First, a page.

Kendo art 剣道美術品

When the Tokugawa-Bakufu was dismantled in 1867/68 budo education was thrown into turmoil: gone were the domain schools as well as the short-lived Kobusho, and with that budo instructors suddenly lost their profession. Many (now ex-) samurai were suddenly jobless and facing destitution. One person that stepped up to help these people was the ex-samurai, Kobusho kenjutsu instructor, and Jikishinkage-ryu kenshi Sakakibara Kenkichi. He instituted what was called “Gekken-kogyo” – the highly popular public budo shows. “Gekken” refers to the nascent form of what we now call kendo. Although mainly sword-based shows, bouts with other weapons also occurred, and women and even foreigners are also recorded to have taken part.

Gekken Kogyo, July 2013

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Kyoto Taikai 2017 第113回全日本剣道演武大会

Whew, another Kyoto Taikai done!

Again this year, I’ve tried to add some bonus historical information/insights to my usual Kyoto Taikai rundown, so I hope you enjoy this part as well as the photography.

Naito Takaharu sensei’s grave

The person I consider to be the most important in the history of modern kendo, Naito Takaharu, passed away in his house on the 29th of April 1929, and was laid to rest in Kurodani-yama, just to the north-east of the Butokuden. There are about 10 temples and scores and scores of graves on the mountain side, so I knew that actually finding Naito’s grave would be a bit of a struggle. The temple associated with Naito and his family is Eisho-in, a Pure-Land buddhist temple, so starting from there I walked around the adjacent cemetery area in search of Naito.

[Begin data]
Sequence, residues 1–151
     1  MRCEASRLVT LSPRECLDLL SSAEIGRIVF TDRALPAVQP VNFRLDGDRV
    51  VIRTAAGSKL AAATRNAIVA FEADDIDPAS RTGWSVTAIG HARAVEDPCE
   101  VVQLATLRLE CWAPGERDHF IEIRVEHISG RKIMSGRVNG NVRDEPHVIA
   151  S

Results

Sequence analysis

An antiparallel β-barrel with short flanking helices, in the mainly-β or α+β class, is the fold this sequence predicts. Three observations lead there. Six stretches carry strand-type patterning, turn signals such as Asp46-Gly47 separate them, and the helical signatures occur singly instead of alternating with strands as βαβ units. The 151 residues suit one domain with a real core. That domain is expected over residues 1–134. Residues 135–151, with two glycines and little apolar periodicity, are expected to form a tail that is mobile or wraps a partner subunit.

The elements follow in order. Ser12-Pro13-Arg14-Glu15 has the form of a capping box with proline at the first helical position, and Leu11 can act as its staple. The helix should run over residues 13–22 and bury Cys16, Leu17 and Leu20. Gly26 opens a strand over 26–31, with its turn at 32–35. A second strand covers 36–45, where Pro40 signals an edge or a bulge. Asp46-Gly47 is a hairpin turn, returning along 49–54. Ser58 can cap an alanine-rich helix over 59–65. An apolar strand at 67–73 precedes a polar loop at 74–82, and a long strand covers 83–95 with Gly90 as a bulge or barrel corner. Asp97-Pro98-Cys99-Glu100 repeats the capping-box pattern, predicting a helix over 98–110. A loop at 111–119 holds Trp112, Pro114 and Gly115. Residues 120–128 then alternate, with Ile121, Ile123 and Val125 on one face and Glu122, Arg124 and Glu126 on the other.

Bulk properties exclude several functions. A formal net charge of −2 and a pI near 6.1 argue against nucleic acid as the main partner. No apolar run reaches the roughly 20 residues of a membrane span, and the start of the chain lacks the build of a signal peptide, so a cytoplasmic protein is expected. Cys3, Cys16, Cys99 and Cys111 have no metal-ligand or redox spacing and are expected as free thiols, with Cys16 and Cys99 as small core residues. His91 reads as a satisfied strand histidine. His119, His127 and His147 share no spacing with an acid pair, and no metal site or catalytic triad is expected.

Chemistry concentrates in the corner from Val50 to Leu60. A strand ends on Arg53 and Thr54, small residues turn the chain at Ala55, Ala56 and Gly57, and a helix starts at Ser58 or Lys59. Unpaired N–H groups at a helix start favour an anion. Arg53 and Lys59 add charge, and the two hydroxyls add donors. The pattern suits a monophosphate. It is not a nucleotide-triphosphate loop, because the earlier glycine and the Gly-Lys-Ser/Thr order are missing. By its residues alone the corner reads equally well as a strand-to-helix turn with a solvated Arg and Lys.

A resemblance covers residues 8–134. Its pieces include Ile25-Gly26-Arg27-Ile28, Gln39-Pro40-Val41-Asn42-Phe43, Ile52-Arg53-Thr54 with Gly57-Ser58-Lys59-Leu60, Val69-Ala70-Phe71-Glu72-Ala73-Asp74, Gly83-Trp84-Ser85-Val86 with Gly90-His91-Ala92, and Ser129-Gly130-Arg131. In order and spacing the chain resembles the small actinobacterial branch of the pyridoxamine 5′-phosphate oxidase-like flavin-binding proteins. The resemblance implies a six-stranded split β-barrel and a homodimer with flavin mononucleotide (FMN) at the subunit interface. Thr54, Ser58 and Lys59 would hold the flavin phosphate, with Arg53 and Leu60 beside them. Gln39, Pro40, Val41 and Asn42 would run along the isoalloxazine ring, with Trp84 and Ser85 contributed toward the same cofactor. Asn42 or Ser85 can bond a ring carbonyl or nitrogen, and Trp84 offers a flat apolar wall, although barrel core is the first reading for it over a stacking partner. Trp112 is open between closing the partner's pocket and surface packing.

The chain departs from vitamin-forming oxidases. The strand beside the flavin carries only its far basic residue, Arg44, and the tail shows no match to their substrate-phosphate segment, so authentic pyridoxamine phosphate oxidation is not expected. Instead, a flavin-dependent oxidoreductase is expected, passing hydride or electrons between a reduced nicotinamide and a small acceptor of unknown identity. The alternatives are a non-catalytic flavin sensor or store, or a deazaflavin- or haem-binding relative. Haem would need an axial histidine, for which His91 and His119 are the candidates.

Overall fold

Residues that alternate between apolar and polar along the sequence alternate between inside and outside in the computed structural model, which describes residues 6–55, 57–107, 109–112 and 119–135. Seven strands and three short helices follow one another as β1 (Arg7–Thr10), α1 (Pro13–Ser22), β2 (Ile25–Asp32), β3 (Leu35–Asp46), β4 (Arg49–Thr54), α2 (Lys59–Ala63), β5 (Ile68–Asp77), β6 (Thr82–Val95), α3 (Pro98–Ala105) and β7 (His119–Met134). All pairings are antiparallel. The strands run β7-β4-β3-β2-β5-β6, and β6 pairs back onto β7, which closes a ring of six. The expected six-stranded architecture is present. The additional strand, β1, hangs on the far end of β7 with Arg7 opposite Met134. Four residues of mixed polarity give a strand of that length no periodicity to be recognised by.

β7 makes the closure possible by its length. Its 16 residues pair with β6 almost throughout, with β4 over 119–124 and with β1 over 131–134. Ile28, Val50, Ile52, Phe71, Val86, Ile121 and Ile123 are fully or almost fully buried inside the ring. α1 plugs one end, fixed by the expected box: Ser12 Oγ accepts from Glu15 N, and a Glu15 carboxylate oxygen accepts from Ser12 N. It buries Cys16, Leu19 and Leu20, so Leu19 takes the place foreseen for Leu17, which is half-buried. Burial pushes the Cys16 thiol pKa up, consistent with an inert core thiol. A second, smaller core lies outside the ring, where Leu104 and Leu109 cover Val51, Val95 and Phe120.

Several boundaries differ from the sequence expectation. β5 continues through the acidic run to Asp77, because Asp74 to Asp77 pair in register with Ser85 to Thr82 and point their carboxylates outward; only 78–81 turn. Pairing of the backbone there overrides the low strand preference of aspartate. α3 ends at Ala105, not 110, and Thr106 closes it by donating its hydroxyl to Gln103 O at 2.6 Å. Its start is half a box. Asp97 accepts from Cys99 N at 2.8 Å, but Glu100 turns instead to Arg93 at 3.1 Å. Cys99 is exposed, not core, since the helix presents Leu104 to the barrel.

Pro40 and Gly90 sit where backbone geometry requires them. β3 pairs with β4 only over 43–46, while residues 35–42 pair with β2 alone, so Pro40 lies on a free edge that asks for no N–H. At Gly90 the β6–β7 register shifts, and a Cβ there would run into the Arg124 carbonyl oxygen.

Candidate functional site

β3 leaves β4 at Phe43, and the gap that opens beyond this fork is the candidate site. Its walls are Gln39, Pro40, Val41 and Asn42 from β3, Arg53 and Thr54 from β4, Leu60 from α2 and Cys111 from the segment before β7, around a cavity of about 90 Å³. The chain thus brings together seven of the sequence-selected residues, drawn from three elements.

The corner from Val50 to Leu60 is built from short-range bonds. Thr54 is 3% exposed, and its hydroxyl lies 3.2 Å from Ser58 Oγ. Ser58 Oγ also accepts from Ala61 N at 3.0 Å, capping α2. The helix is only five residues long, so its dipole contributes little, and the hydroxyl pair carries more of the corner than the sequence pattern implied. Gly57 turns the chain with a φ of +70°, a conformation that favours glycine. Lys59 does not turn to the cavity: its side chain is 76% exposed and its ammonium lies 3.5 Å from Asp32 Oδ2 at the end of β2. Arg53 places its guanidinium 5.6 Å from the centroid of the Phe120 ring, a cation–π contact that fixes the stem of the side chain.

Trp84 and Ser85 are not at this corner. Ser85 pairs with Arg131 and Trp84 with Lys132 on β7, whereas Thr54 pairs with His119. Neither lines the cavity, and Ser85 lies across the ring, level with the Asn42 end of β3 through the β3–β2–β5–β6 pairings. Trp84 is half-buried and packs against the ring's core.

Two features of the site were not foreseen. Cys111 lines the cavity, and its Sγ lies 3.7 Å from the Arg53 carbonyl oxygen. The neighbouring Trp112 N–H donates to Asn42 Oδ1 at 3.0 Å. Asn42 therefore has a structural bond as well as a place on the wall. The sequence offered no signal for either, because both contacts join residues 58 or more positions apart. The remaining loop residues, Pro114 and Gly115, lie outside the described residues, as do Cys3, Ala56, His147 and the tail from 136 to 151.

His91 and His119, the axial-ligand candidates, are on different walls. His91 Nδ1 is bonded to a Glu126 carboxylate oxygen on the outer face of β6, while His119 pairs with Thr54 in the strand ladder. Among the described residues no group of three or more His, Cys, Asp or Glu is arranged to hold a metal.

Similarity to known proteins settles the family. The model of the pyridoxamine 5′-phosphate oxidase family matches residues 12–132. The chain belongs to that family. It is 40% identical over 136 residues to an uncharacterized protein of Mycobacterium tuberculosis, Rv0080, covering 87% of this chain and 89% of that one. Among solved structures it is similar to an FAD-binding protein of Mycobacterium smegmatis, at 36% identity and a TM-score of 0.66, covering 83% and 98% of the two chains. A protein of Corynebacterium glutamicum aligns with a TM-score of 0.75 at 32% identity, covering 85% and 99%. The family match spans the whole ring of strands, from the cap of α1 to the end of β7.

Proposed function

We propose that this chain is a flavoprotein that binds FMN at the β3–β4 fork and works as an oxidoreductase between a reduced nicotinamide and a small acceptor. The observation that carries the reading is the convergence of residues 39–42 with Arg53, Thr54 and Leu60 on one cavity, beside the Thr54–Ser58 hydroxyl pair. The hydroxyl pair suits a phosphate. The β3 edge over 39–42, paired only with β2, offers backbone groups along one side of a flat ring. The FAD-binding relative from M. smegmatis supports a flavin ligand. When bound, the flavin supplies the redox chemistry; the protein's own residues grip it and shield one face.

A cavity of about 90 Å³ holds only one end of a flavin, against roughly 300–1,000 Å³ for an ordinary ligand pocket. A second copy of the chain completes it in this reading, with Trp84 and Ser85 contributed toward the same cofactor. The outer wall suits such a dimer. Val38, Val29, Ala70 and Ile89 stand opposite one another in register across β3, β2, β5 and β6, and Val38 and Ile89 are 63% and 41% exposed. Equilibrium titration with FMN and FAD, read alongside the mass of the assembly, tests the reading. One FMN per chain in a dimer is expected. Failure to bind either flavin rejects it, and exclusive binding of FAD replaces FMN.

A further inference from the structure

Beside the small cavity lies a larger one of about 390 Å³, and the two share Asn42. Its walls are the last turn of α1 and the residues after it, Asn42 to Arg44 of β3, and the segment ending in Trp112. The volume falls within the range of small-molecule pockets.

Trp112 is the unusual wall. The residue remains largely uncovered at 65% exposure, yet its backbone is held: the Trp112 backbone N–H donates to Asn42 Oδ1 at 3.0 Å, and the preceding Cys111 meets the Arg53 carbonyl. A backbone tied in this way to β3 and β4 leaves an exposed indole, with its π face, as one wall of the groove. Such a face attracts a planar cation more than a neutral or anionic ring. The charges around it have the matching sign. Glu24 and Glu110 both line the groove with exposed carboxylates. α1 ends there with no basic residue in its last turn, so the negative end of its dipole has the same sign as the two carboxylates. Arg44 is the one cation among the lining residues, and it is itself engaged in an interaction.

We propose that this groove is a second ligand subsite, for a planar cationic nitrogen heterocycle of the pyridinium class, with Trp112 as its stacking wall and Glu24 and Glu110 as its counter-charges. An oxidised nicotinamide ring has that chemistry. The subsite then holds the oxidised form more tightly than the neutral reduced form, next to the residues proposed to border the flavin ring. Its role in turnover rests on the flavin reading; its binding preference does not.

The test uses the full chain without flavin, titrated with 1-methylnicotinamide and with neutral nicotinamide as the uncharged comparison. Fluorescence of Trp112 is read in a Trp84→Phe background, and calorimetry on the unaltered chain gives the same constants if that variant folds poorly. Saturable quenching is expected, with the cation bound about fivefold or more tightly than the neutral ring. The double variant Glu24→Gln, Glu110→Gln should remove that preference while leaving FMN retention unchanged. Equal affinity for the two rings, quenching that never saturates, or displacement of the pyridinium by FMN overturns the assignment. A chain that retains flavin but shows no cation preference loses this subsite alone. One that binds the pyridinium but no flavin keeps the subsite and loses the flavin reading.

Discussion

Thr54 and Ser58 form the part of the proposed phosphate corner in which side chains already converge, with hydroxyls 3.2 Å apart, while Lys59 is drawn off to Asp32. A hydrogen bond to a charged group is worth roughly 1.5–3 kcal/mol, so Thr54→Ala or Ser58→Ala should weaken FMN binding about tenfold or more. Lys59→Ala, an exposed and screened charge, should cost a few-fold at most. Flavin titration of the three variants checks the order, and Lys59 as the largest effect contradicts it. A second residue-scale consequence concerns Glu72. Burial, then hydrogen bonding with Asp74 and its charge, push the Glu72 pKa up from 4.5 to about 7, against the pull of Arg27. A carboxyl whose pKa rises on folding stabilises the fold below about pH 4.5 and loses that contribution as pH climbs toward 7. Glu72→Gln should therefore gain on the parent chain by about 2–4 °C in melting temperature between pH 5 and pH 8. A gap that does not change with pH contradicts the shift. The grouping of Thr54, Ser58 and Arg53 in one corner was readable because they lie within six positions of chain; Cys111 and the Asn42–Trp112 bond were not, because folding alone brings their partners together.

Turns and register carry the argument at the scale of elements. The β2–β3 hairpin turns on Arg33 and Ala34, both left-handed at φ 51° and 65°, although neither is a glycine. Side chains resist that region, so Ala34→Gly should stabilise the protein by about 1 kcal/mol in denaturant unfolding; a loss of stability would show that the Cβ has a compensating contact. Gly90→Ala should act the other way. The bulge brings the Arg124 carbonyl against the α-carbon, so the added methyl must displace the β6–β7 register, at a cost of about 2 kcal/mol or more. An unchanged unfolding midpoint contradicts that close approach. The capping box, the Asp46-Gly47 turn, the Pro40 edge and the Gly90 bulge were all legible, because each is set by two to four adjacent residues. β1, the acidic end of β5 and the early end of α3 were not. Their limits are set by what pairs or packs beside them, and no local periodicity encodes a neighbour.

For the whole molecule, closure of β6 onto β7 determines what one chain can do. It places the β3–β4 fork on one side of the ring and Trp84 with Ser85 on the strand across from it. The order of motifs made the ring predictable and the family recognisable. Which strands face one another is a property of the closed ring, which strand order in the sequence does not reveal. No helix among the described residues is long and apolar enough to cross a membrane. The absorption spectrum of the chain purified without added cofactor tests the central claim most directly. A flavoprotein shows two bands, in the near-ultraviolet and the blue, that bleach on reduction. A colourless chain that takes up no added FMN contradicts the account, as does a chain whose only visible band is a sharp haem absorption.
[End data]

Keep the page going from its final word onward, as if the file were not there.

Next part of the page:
There were so many gravestones that I ended up walking around-and-around for about one and a half hours before finally giving up. I couldn’t find it. I was even armed with a picture of the grave, but the pic must be about 40-50 years old, so it’s possible the grave isn’t in the same place or even the same shape. Anyway, although I gave up this time, I will go back!

Myodenji: the birthplace of kendo kata

About a 7 minute walk south-west from the Butokuden there is a seemingly unremarkable Nichiren buddhist temple that originally dates back to 1477 (the current building dates from the early 1700s) called Myodenji. I say unremarkable because Kyoto is littered with thousands of temples, most far larger and more well-known than this one.